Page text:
(It’s impossible to pinpoint exactly when Covid-19 first started, but this report, (along with others, I haven’t linked to, but they’re out there if you want to do a bit of research) reasonably deduces that late Autumn of 2019 is when the world changed for us all)
Apart from a few highly qualified virologists I don’t think anyone really knew what was happening, or what to do. Most of those in authority seemed to be running around like chooks with their heads cut off, and/or trying to protect their arses at the same time.
Would this be the ‘armageddon’ event that so many people feared it would be and civilisation would degenerate into warring tribes, (not that we weren’t doing that anyway) bent on claiming the remaining resources for themselves? Truth was, no-one knew how bad it would get.
Across the world people started dying in the hundreds, then the thousands, then finally, horrifically, millions. Talks, (let alone taking any sort of action) between nations, about closing international borders started far too late to stem the tide.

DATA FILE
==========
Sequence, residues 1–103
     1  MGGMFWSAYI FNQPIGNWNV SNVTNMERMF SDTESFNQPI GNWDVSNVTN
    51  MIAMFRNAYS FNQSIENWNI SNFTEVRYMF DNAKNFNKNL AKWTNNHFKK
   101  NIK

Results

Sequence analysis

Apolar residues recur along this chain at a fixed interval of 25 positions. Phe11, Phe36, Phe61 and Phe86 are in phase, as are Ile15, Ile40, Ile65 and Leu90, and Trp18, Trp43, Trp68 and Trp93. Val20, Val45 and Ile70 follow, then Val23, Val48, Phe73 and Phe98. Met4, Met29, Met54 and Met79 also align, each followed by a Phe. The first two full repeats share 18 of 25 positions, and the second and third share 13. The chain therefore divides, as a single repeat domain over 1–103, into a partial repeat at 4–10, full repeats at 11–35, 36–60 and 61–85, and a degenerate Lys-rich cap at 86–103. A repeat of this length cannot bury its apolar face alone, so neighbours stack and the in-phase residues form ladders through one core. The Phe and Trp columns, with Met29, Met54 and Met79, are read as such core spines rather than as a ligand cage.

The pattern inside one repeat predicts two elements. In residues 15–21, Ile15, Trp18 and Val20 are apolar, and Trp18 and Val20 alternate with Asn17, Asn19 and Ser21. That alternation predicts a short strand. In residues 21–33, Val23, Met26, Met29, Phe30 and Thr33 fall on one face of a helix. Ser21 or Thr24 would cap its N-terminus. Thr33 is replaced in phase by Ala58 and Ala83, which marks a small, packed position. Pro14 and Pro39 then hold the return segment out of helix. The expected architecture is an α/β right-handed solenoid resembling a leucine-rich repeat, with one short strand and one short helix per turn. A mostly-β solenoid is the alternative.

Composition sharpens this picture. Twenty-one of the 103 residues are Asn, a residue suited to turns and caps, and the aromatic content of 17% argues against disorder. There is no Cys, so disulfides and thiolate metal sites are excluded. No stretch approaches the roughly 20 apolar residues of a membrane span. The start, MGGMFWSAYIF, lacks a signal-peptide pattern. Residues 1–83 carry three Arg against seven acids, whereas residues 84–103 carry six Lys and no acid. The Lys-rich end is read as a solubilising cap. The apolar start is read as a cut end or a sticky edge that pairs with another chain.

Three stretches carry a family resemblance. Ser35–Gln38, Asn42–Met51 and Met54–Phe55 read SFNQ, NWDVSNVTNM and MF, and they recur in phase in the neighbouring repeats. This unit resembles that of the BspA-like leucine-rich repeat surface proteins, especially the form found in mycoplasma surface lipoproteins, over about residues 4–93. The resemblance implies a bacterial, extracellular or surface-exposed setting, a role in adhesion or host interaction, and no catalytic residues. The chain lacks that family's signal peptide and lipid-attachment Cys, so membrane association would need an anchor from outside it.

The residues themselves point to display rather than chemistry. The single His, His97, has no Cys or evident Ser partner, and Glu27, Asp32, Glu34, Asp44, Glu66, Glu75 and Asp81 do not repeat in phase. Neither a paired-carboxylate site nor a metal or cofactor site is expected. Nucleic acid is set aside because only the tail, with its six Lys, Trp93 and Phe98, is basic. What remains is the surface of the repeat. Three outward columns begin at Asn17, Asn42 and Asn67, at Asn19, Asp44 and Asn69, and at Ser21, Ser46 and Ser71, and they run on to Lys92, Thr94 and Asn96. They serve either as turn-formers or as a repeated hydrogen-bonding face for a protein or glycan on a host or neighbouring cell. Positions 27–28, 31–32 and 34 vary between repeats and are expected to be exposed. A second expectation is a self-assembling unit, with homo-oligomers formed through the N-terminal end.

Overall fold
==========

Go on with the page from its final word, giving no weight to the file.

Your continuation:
As the days passed it seemed the only voice of reason we could find in a sea of inertia, arse-covering, and ineptitude, was Dr John Campbell. We watched his daily updates with a growing sense of dread.
I was (still am) immune-compromised, and Mrs Widds wasn’t (and still isn’t) a spring chicken, which made both of us prime candidates for this global killer to target.
We pulled our RV out of storage, de-winterised, and provisioned it so that if one of us caught the virus we would be able to isolate from each other. We were unclear how effective that might be, but at least we had a plan.
Even before borders, both international and domestic, finally, and with the speed of a snail on valium, began to close, it was obvious, at least to us, that any sort of long-distance travelling was completely out of the question. In fact we picked up our RV only days before travel in our entire province shut down.